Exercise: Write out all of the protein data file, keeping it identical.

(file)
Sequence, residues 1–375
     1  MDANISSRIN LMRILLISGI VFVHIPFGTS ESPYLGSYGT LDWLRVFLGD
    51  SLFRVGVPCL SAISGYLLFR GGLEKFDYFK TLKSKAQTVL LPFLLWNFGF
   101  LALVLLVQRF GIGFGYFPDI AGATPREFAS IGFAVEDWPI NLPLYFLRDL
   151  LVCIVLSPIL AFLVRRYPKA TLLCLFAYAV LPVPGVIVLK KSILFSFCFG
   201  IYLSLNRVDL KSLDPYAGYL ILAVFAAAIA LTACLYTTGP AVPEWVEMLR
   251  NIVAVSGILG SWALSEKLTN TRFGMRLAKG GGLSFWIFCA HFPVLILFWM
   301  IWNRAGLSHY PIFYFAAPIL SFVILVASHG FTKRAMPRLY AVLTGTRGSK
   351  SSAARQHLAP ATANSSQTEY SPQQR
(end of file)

Sequence, residues 1–375
     1  MDANISSRIN LMRILLISGI VFVHIPFGTS ESPYLGSYGT LDWLRVFLGD
    51  SLFRVGVPCL SAISGYLLFR GGLEKFDYFK TLKSKAQTVL LPFLLWNFGF
   101  LALVLLVQRF GIGFGYFPDI AGATPREFAS IGFAVEDWPI NLPLYFLRDL
   151  LVCIVLSPIL AFLVRRYPKA TLLCLFAYAV LPVPGVIVLK KSILFSFCFG
   201  IYLSLNRVDL KSLDPYAGYL ILAVFAAAIA LTACLYTTGP AVPEWVEMLR
   251  NIVAVSGILG SWALSEKLTN TRFGMRLAKG GGLSFWIFCA HFPVLILFWM
   301  IWNRAGLSHY PIFYFAAPIL SFVILVASHG FTKRAMPRLY AVLTGTRGSK
   351  SSAARQHLAP ATANSSQTEY SPQQR